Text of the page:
Current Author Addresses: Dr. Hoffman: Center for Vasculitis Care and Research, Cleveland Clinic Foundation (A50), Lerner College of Medicine, Cleveland, OH 44195.

Dr. Cid: Department of Internal Medicine, Hospital Clinic, Institut d'Investigacions Biomediques August Pi y Sunyer, Villarroel, 170, 08036 Barcelona, Spain.

Dr. Rendt-Zagar: The Arthritis Center, 32615 U.S. Highway 19N, Suite 2, Palm Harbor, FL 34684.

Dr. Merkel: Boston University School of Medicine, Vasculitis Center, E-5, 715 Albany Street, Boston, MA 02118.

Dr. Weyand: Department of Medicine, Emory School of Medicine, Atlanta, GA 30322.

Dr. Stone: UpToDate, 95 Sawyer Road, Waltham, MA 02453-3471.

Dr. Salvarani: Arcispedale Santa Maria Nuova, Viale Umberto I° No 50, 42100 Reggio Emilia, Italy.

Drs. Xu, Visvanathan, and Rahman: Centocor Research and Development, Inc., 200 Great Valley Parkway, Malvern, PA 19355.

Author Contributions: Conception and design: G.S. Hoffman, M.C. Cid, K.E. Rendt-Zagar, P.A. Merkel, C.M. Weyand, J.H. Stone, C. Salvarani, W. Xu, S. Visvanathan, M.U. Rahman.

Analysis and interpretation of the data: G.S. Hoffman, M.C. Cid, P.A. Merkel, J.H. Stone, W. Xu, S. Visvanathan, M.U. Rahman.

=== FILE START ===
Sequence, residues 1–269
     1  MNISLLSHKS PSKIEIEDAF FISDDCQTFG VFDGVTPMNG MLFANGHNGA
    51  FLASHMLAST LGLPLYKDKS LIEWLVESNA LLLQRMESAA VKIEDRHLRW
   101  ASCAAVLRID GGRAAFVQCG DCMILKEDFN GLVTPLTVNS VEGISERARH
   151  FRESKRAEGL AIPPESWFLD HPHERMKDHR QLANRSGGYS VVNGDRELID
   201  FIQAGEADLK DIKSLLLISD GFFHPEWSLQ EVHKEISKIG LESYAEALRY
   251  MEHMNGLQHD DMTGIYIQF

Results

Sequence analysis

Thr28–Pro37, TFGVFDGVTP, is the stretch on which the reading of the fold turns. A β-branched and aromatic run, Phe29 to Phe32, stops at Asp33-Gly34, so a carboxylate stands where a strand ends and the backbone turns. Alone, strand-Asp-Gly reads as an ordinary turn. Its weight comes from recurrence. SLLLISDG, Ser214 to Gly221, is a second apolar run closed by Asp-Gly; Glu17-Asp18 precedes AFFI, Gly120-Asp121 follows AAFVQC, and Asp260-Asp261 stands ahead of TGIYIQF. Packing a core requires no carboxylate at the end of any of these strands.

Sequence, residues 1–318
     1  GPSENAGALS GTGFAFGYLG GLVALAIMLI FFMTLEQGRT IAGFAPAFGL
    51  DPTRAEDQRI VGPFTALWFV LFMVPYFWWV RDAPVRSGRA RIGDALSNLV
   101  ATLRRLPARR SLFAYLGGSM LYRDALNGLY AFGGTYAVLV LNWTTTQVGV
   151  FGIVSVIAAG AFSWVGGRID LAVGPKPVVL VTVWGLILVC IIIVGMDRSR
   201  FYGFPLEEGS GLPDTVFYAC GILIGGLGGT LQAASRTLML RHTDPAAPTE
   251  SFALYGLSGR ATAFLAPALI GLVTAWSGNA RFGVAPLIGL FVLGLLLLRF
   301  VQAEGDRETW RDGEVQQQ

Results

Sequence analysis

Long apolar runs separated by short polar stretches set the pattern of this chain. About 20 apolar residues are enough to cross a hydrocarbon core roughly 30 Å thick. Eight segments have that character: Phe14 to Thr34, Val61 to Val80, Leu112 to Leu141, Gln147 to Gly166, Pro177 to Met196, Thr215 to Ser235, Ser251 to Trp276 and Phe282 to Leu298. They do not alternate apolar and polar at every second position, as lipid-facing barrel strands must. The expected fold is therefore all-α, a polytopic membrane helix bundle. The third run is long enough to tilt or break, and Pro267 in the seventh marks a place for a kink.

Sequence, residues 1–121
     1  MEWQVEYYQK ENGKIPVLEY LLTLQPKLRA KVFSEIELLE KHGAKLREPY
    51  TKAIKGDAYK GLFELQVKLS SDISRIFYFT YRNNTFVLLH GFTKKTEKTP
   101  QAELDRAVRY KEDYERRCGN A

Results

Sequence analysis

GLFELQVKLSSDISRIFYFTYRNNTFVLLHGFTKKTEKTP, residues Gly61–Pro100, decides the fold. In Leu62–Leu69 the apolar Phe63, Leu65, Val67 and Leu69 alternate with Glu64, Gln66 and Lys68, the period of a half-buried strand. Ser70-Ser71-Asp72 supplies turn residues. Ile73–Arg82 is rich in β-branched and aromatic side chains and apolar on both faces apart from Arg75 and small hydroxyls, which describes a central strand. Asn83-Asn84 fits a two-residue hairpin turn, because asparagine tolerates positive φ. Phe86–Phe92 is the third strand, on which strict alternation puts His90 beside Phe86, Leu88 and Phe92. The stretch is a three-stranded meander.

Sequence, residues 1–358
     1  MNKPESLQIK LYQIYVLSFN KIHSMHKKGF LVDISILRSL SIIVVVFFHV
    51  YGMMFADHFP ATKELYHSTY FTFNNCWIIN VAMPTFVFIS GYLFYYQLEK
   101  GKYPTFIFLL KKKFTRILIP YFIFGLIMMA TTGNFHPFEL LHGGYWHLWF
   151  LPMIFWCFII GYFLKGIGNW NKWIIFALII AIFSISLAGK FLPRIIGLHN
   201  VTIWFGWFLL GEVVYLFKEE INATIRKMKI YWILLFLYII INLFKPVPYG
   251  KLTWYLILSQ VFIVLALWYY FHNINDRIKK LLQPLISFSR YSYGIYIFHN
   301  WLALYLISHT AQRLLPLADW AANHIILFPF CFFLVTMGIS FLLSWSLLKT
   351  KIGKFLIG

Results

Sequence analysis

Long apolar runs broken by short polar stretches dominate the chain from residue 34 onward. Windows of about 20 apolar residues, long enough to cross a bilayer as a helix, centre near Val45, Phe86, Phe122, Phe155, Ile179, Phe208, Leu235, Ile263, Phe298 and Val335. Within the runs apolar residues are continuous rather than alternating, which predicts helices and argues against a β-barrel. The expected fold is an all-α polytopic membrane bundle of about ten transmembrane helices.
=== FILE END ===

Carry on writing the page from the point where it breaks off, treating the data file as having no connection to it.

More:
Drafting of the article: G.S. Hoffman.

Critical revision of the article for important intellectual content: G.S. Hoffman, M.C. Cid, P.A. Merkel, C.M. Weyand, C. Salvarani, W. Xu, S. Visvanathan, M.U. Rahman.

Final approval of the article: G.S. Hoffman, M.C. Cid, P.A. Merkel, C.M. Weyand, J.H. Stone, C. Salvarani, W. Xu, M.U. Rahman.

Provision of study materials or patients: G.S. Hoffman, M.C. Cid, K.E. Rendt-Zagar, P.A. Merkel, J.H. Stone.

Statistical expertise: G.S. Hoffman, W. Xu.

Obtaining of funding: G.S. Hoffman, M.U. Rahman.

Administrative, technical, or logistic support: G.S. Hoffman, S. Visvanathan, M.U. Rahman.

Collection and assembly of data: G.S. Hoffman, M.C. Cid, C. Salvarani.


Ann Intern Med. 2007;146(9):621-630. doi:10.7326/0003-4819-146-9-200705010-00004
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To address the unmet need for a treatment that would allow patients with giant cell arteritis to reduce their dependence on glucocorticosteroids, we conducted the first double-blind, randomized, placebo-controlled trial in which a biological agent was used as an adjunct to glucocorticosteroid therapy for giant cell arteritis. Our results failed to demonstrate that infliximab improved the duration of remissions or decreased the glucocorticosteroid requirement in patients with newly diagnosed giant cell arteritis. These conclusions were based on a duration of follow-up of at least 22 weeks for all patients and a median of 7 infliximab infusions per patient. The results are consistent with a difference in the proportion of relapse-free patients ranging from a 38% advantage for placebo to a 23% advantage for infliximab. The results are also consistent with a difference in the proportion of relapse-free patients whose glucocorticosteroid dosages were tapered to 10 mg/d, ranging from a 42% advantage for placebo to a 14% advantage for infliximab. Thus, our study provides evidence that infliximab therapy is unlikely to greatly reduce the proportion of patients with relapse of giant cell arteritis.